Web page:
AUT alumna Erin Chapman is currently studying cyber security at Oxford University. After first studying English literature and ancient history, and then completing her Master of Computing and Information Sciences at AUT, she is now in the first of a four year programme exploring the wider realm of cyber security.
You first studied English literature and ancient history - does a liberal arts background bring any insight to cryptography?
I think that having come completely out of left field as far as educational background is concerned has offered me a very different perspective. I have a tendency to want to look for the creative solutions, and to always be after the “why” of any particular algorithm. Also, I’m fairly decent at the academic writing side of things, which is a nice bonus.
What are you hoping to learn with regards to legislation and enforcement as it relates to cryptography?
I'm very interested in how current legal systems globally are being reformed to deal with cyber crime and hacking. Because of the pace at which the technology is moving, most of our legislation is completely unprepared to deal with these issues.
What are the biggest issues in cyber security at the moment and how will we overcome them?
Big Data and the Internet of Things are going to cause a lot of difficulty. The first because the larger the set of information for encryption, the slower the process of securing it. Each time we produce a more secure standard (for example, the change from the Data Encryption Standard, DES, to the Advanced Encryption Standard, AES) we increase the time it takes to complete the encryption process. The Internet of Things on the other hand is an entirely different security model from traditional cyber security in computing. Because of the miniaturised platforms, the prevalence of third party installations, and the lack of a really cohesive security strategy, we don’t really know how secure these new networked devices are, or where the data they collected is sent and stored.
"The trade-off between privacy and security is a current legislative battle, and it is one we need to consider very carefully, because it will shape not only our lives, but the lives of future generations."
Have you ever been hacked yourself? Are we all too complacent when it comes to online security?
My parents' company was actually taken down during the WannaCry outbreak. One of their contractors’ computers wasn’t completely up-to-date on the new security patches, and as a result one of the company servers was encrypted with the virus. Thankfully, they had daily backups set up, so they were able to restore everything. But it does go to show that you really are only as strong as the weakest link in your network. The recent attacks on our networks have certainly acted as a wake up call with regards to the importance of data recovery, and cyber insurance.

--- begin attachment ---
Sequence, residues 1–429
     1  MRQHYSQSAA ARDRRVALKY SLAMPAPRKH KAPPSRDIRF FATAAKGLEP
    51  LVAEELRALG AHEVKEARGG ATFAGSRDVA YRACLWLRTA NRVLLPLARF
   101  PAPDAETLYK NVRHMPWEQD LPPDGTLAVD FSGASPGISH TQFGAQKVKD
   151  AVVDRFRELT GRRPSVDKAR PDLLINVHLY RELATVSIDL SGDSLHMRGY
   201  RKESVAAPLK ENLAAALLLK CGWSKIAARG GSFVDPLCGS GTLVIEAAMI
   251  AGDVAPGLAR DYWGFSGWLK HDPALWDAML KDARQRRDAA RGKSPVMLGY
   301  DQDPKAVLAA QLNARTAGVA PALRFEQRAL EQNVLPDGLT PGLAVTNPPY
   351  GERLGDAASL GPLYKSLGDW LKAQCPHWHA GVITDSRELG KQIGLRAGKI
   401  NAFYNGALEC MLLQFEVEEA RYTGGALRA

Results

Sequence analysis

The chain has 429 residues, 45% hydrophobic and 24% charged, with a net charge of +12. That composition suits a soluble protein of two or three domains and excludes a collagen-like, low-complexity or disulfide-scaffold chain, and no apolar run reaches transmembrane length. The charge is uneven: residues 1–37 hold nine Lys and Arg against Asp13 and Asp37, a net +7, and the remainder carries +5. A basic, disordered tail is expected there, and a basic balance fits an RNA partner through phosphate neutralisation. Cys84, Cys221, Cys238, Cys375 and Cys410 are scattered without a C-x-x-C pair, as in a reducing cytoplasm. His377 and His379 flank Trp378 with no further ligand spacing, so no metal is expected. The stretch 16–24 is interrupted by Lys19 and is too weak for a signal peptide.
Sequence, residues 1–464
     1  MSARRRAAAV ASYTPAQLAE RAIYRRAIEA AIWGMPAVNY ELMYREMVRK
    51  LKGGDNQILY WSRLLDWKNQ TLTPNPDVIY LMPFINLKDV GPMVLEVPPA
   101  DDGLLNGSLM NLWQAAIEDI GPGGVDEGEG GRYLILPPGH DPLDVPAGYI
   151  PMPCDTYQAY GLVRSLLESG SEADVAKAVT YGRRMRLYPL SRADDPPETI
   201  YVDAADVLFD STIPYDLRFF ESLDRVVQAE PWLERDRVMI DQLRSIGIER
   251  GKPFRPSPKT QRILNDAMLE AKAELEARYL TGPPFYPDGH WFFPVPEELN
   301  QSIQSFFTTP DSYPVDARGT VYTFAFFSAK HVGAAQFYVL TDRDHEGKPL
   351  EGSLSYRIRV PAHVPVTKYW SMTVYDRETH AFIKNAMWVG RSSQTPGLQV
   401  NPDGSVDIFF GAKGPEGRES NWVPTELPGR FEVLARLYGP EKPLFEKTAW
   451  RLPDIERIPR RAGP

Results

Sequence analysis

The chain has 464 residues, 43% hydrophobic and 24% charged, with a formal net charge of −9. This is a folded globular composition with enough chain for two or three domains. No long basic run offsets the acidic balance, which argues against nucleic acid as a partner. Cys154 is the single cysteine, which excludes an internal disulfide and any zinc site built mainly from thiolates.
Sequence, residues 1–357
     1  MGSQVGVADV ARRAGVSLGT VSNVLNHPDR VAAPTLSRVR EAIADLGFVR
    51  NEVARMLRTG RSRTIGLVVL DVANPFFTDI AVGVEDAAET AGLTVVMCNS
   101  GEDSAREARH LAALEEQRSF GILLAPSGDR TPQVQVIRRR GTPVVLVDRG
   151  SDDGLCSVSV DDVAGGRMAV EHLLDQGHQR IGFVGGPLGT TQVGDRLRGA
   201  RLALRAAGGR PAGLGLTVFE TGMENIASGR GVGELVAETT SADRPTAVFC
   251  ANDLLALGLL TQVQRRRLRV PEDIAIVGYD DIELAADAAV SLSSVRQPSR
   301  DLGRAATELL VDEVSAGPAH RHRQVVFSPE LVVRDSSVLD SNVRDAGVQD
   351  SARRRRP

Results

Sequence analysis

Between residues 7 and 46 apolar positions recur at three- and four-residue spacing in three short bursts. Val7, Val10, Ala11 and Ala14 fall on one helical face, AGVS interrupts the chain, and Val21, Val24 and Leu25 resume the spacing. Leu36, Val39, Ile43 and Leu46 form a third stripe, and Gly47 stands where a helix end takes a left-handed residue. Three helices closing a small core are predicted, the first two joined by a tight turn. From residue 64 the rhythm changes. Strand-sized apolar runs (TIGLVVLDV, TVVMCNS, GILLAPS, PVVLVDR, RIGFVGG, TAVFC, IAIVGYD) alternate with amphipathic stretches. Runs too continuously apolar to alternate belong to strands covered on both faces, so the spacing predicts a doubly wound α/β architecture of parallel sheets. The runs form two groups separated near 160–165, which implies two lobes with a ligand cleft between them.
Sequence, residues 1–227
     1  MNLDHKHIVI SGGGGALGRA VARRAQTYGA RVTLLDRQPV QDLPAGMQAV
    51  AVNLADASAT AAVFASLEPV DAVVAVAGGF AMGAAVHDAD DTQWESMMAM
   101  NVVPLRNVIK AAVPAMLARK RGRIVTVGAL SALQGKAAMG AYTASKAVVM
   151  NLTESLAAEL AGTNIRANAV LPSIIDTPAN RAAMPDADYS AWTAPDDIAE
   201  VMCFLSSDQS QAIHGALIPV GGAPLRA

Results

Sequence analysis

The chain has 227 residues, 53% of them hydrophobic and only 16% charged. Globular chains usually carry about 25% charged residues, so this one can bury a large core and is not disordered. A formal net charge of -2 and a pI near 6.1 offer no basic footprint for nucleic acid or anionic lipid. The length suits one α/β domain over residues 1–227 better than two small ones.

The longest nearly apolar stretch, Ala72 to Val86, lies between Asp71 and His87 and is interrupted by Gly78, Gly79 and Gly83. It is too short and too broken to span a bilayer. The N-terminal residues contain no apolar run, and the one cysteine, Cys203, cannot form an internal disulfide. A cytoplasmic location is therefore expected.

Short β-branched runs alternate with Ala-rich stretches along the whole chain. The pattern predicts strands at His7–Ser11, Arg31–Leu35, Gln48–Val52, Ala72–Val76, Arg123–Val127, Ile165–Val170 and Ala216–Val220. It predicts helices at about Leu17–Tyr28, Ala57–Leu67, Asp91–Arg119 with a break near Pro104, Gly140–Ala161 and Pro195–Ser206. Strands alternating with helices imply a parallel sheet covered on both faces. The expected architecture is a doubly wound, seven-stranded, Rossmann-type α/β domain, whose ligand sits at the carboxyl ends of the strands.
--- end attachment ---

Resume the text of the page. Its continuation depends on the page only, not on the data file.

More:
Tell me about the role of automated algorithms - are they going to become a help or a hindrance in the future? What level of oversight should humans hold?
Automated intelligent surveillance is very much a double-edged sword, like many areas of cyber security. Because on the one hand, if you have automatic monitoring over all public transport stations, and it can detect when someone pulls out a weapon, and dispatch emergency response at a much faster rate than a human, that’s a positive. On the other hand, you have projects like Palantir, which use predictive models to create what is, in essence, a real-life Minority Report, predicting crimes before they occur. In Chicago, these models are already in use.
The wholesale data collection that occurs to feed these programs means that the operators of these programs have your entire online history, your digital life, to draw inferences from. An online warrant would not only be for anything occurring right now or in the future, but it would automatically extend into the past, unlike a conventional wiretap. Regrettable statements as a teenager, who your friends were in high school, anything and everything that might make you suspicious could be mined for data.
So while there are arguments to be made for the potential security applications, we have to look at how far we are willing to sacrifice our privacy to automated surveillance.
The trade-off between privacy and security is a current legislative battle, and it is one we need to consider very carefully, because it will shape not only our lives, but the lives of future generations.
Are you interested in visiting Bletchley Park while in the UK, or does MI5 hold more appeal?
Oh, I definitely want to visit both! I’m also hoping to have a chance to visit the Alan Turing Institute, at the British Library. They are doing some really interesting data science.